On days when you have a bit more time, a facial massage can be transformative for mature skin. Think of it like a first approach if you are considering botox or fillers (if you want, we’re not saying you need it). “Apply a generous amount of quality facial oil or moisturiser to your hands and gently but firmly massage your jawline, cheekbones and orbital bone in sweeping, upwards strokes,” says Dario Damato. “Regular facial massage can sculpt the facial muscles to appear more defined and reduce fluid build-up to reduce puffiness. It also boosts collagen production whilst improving blood flow, tissue toning and cell turnover for glowing skin.”

Don’t be afraid to exfoliate

Don’t be afraid to exfoliate, but exfoliate minimally and carefully. “Physical scrubs (like those with apricot kernels) used to be all the rage, but they can also cause micro tears on the epidermis with regular use,” advises Dario Damato. “Exfoliation is necessary, but don’t overdo it. When your skin matures, you have to remember that the outer layer becomes thinner and more delicate.”

“To buff away dead skin cells safely, it is recommended for mature skin to use acid exfoliants containing AHAs for smooth, even-toned skin which is glowing enough to deflect from any sagging,” says Dario Damato. 

Dario Damato recommends looking into skincare products which contain bee venom to reduce the appearance of fine lines and deep set wrinkles. “You might’ve seen the (Un)well documentary on Netflix which discusses the pros and cons of bee venom for holistic use. In skincare, bee venom mimics the effects of botox by controlling muscle contractions to reduce expression lines,” advises Dario Damato. “Look for a cleanser, serum, eye cream and moisturiser which contain high concentrations of bee venom for a skincare routine which is ideal for mature skin and targets the signs of ageing.”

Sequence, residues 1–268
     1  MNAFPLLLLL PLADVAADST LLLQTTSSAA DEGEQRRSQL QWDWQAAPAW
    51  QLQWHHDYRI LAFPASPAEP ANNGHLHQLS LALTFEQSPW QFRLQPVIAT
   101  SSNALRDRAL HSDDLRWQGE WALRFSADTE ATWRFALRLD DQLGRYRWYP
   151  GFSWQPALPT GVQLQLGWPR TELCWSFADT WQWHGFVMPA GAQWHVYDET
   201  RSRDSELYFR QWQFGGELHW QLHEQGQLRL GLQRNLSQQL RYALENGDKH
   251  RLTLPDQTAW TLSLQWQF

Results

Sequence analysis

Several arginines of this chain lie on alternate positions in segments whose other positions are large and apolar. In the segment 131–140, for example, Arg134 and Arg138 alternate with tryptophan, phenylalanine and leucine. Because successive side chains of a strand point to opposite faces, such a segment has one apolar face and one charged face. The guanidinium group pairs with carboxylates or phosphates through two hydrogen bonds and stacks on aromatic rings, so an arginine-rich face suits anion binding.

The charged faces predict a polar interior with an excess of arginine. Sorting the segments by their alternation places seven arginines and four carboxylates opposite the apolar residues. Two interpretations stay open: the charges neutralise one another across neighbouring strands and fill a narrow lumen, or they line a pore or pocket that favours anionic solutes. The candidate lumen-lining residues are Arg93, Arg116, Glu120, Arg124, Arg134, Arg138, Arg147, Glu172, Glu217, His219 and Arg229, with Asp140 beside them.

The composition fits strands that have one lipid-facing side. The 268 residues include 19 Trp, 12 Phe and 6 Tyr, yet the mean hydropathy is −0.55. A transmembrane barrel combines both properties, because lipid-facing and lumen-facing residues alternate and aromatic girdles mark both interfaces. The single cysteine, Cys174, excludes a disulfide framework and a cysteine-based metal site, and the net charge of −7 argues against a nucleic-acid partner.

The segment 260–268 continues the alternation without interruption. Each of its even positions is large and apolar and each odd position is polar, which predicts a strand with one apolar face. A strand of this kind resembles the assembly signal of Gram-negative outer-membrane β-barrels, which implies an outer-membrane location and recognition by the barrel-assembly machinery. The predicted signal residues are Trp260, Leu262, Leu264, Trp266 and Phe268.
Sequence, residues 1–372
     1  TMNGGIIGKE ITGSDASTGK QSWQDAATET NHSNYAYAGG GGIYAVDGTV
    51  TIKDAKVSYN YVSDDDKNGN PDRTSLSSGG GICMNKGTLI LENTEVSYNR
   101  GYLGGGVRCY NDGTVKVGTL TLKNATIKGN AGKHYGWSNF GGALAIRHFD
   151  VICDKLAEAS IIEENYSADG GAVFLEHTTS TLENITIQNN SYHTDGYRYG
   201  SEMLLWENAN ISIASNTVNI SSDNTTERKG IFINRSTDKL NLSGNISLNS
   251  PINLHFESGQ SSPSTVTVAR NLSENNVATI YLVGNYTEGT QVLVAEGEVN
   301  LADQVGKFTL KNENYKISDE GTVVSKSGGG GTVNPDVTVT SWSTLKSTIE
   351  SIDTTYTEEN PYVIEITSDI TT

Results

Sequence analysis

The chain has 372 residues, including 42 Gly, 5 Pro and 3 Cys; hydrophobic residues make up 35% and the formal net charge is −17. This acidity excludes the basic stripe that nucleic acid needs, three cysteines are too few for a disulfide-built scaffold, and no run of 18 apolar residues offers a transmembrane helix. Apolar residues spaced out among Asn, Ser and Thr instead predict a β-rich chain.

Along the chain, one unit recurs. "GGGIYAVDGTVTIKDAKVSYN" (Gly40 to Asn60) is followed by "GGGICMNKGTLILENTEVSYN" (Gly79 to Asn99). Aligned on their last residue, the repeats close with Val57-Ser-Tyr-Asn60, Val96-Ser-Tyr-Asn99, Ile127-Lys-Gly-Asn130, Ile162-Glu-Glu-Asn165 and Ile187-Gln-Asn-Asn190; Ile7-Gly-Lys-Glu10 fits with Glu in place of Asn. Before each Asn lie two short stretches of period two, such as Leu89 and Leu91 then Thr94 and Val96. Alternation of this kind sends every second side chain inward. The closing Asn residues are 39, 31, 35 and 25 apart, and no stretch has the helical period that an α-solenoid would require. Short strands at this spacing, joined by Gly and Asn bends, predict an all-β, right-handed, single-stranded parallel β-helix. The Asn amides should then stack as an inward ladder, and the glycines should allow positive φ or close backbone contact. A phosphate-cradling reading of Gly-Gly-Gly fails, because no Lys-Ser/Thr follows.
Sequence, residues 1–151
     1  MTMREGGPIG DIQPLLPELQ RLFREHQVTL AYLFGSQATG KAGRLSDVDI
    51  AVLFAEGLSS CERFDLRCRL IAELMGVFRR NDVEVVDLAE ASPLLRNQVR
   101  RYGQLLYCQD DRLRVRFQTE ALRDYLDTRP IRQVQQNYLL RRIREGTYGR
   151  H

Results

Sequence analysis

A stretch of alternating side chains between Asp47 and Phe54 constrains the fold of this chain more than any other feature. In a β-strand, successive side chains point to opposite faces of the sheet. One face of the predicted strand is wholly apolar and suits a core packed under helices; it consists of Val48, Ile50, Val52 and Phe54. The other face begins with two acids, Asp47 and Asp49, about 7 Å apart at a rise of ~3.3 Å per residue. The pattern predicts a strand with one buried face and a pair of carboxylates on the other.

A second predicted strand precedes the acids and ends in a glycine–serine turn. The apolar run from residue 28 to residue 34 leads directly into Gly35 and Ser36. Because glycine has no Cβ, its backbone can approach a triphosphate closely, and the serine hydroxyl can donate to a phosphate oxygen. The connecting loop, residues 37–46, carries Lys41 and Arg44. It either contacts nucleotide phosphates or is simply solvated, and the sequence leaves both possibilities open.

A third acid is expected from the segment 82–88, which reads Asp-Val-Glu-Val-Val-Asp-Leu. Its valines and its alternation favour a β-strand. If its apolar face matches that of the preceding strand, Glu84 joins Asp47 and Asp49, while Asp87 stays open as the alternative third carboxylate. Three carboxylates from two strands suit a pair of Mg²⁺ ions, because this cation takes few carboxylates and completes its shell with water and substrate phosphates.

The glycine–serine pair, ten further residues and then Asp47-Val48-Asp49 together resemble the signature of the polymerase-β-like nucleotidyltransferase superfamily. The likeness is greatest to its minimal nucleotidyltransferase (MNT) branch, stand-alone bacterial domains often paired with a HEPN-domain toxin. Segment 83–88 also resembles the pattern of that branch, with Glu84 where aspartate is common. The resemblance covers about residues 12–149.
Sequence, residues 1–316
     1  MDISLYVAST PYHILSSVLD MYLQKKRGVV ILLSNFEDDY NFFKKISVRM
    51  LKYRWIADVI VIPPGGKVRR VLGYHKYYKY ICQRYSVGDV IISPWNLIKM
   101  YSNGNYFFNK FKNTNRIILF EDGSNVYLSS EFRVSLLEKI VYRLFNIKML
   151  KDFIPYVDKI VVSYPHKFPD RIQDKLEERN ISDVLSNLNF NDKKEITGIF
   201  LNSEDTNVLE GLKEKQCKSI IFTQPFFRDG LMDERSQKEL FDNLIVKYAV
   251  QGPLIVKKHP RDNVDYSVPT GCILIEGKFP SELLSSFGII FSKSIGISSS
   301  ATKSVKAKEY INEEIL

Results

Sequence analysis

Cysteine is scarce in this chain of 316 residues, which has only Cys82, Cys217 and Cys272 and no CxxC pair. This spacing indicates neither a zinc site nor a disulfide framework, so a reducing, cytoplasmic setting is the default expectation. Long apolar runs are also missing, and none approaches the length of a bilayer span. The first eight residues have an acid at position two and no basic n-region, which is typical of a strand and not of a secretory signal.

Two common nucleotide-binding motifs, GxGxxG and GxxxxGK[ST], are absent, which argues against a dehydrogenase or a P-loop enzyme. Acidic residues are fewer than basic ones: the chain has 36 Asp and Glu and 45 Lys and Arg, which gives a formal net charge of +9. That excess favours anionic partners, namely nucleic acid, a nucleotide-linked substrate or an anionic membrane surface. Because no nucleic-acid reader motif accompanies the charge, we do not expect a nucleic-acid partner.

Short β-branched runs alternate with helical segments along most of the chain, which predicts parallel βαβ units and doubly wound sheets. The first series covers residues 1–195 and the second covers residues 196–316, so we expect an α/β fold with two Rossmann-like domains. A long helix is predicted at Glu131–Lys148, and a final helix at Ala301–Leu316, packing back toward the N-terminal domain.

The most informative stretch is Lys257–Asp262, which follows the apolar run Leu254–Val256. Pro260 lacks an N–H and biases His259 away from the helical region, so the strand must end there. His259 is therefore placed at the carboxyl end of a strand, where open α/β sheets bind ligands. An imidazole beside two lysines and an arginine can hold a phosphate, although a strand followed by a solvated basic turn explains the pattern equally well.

How long does it take for a skincare routine to work?

Man washing his face in the sink

Show-stopping change doesn’t happen overnight, and this is true when it comes to skincare. However, by following a skincare routine in the morning and evening, it is possible to achieve your skincare goals no matter how short your routine or age. 

To find out how long you have to follow your skincare routine to see results, the experts told us that improvements to your skin could take at least a month. However, you should follow a new routine for a minimum of three months to assess its effectiveness.

It can take approximately 30 days for the top layer of skin or epidermis to turnover once. By following your skincare routine for at least three months, this means your epidermis can have three turnover cycles, allowing enough time to see improvements to your skin. 

Allowing yourself a minimum of 12 weeks of following a skincare routine is especially important when targeting wrinkles or pigmentation. When it comes to treating fine lines and hyperpigmentation, it’s all about patience. Remember that it is a marathon, not a sprint. Give your products and skincare routine a minimum of three months to assess.

If you’re at your wits end with eczema, rosacea or dry skin and believe you have tried everything, it might be time to reflect on if the issue is coming straight from your tap. Soft and calm skin is one of the many benefits of softened water. Unfortunately, many of us live in areas with hardened water which can worsen dry skin, eczema or rosacea.